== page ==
...figure something out and get your asses down there. :)
 

Miller

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I'm not sure how a round robin will go over. I can understand why some advocate it. But here is a scenario because you guys are driving me nuts trying to articulate it.....:sorry


So, please allow me to help......;):D


Saturday

If there are 8 groups of 5, the first round would consist of 80 matches with a total of 160 games. There are 12 tables, that would mean approximately 13 games per table. Let’s figure that this should be done in about 12 hours or 720 minutes. That gives you a time allotment of about 55 minutes a game on average where every member is guaranteed to play at least four other members. First round complete.


There are now two simultaneous brackets that will be played the next day: the winners, top 2 from each group or 16 players --and-- the losers, bottom 3 from each group or 24 players. I’m also assuming that brackets should be pulled that evening. I’d also stipulate that Cory needs to be there for this to work.


Sunday

The winners bracket of 16 would play a double elimination race to two on both sides. Let’s give them 6 tables. There are 30 matches to play. Let’s also assume that each race consists of 2.5 games (some will be 2, some will be 3). That is about 12.5 games per table. Over a period of 12 hours that gives you about 57 minutes per game on average.


The 24 losers would have to play from a 32 man bracket with 8 lucky guys getting byes, single elimination race to two. Let’s give them the other 6 tables. There are 23 matches to play. Let’s assume again that each race consists of 2.5 games (some will be 2, some will be 3). That is about 9.5 games per table. It could be reasonably anticipated that the losers would be done a couple of hours before the winners - and actually speed up their bracket.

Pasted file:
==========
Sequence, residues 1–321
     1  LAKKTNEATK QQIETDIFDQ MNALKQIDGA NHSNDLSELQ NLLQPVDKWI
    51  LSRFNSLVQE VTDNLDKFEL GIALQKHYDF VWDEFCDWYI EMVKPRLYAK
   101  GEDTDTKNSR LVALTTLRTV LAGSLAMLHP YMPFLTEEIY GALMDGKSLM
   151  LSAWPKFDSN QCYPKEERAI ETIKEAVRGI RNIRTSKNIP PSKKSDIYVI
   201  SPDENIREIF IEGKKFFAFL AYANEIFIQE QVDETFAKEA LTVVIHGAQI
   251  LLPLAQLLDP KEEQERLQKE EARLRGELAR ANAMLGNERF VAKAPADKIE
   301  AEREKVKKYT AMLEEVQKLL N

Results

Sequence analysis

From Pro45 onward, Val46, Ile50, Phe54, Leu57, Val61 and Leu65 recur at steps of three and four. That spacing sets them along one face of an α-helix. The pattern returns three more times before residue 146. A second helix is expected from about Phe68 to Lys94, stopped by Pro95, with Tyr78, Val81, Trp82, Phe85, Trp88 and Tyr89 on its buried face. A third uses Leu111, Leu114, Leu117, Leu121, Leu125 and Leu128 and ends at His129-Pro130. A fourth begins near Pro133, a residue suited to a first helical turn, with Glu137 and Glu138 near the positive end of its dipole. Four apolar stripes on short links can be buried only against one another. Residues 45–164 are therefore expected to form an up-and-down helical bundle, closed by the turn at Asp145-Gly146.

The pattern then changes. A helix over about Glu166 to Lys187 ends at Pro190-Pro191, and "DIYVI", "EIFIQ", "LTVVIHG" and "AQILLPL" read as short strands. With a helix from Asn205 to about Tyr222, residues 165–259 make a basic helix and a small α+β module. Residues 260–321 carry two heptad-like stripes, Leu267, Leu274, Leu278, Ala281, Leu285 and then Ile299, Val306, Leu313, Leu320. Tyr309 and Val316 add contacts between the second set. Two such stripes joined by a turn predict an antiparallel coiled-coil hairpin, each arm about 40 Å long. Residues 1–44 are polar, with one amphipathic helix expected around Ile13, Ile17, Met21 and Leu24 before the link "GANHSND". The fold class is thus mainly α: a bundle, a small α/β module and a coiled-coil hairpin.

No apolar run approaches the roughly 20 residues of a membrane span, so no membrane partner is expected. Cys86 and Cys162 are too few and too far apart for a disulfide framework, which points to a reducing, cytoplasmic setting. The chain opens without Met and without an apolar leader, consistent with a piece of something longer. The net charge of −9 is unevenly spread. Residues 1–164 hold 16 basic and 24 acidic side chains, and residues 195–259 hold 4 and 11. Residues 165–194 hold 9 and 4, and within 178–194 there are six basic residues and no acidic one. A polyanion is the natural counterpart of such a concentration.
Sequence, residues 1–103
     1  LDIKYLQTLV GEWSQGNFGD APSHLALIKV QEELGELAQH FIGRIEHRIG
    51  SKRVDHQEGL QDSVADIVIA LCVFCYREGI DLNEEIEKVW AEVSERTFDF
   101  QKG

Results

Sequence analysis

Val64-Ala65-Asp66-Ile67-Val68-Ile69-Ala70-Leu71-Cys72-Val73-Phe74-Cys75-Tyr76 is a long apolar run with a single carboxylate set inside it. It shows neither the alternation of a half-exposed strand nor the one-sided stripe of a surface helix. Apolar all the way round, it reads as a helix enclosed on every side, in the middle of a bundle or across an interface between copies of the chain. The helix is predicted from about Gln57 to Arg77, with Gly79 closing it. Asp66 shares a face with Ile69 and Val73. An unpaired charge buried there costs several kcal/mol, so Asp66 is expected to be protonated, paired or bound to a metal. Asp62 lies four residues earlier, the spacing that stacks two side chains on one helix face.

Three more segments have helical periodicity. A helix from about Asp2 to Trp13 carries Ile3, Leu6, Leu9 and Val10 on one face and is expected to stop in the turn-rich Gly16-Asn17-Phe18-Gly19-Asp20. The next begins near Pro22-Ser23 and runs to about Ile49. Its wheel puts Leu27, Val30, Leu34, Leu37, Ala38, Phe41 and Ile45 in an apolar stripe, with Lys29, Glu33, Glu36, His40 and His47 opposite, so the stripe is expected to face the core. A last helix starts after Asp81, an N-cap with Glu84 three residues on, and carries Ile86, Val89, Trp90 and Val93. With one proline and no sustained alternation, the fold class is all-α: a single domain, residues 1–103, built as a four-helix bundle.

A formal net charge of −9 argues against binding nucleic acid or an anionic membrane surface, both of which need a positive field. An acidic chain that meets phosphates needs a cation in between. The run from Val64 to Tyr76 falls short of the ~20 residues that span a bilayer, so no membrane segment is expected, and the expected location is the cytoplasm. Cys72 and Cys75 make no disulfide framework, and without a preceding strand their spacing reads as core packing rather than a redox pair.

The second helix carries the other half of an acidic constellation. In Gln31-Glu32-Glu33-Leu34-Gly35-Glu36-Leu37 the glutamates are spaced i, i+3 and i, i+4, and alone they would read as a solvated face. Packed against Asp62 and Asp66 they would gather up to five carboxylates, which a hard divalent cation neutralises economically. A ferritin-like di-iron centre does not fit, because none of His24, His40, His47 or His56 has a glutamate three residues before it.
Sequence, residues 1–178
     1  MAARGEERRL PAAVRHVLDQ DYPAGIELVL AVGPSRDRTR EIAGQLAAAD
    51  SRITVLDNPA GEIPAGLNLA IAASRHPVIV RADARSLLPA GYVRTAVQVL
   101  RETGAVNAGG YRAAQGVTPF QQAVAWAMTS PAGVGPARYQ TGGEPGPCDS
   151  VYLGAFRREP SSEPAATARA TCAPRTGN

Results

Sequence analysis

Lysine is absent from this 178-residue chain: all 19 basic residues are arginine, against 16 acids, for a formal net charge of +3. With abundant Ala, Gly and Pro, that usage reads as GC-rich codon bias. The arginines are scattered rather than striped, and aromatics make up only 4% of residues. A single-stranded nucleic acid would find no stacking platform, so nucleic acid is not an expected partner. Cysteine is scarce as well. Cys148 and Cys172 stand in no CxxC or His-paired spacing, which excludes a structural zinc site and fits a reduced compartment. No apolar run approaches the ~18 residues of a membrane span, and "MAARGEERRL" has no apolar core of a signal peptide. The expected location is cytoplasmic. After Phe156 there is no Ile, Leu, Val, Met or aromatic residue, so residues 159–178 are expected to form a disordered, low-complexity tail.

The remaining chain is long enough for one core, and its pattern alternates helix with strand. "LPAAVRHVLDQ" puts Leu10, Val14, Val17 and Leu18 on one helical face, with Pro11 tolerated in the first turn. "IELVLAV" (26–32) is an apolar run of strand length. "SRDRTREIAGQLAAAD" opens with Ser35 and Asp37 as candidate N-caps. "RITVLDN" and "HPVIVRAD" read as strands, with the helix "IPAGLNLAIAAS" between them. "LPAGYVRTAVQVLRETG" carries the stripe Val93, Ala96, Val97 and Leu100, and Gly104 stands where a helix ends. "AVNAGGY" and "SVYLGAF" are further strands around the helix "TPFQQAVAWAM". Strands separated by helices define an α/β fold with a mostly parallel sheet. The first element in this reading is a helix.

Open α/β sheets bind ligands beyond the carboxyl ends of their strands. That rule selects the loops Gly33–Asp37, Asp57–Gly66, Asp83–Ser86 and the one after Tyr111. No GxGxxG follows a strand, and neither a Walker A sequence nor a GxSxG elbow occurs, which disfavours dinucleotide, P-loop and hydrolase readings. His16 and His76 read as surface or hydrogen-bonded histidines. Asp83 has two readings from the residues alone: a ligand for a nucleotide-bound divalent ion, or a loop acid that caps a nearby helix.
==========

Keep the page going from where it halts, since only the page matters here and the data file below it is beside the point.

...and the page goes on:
Somebody please check my math.


The event can be capped at 40 (which coincidentally is a mathematical compromise for the 32 and 48 cap camps) and we all remain friends, nobody cancels travel arrangements, decides not come, gets all butt hurt, etc…….


You’re welcome.
:D
 

Cory in dc

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Good analysis and questions. I'll add comments in red font below. Let me be clear: I have absolutely no pride on this and no problem if people prefer a more traditional structure. So I'm trying to give clarity below, not be defensive or argumentative. And I might be missing something in my calculations.

I proposed this alternative because it could be more social. Also, it will be faster than you think because it will use all 12 tables for a longer period of time. Why? You use all 12 tables until the groupings are finished. Then you have two single-elim brackets with, say, 24 (losers) and 16 (winners). These can start before the round robin is even done (see below--it would be especially helpful to get a headstart on the non-bye matches in the losers side). You use all 12 tables until the first round of 16 matches are done (16 = the 8 matches with no bye in the losers + 8 matches in the winners). Then you really start to catch up, timewise, relative to double-elim, because at that point 8 players drop out. Then you have 8 losers side matches and 4 winners side matches. Still using all 12 tables. The first time you don't make use of all 12 tables is when you drop down to 12 players.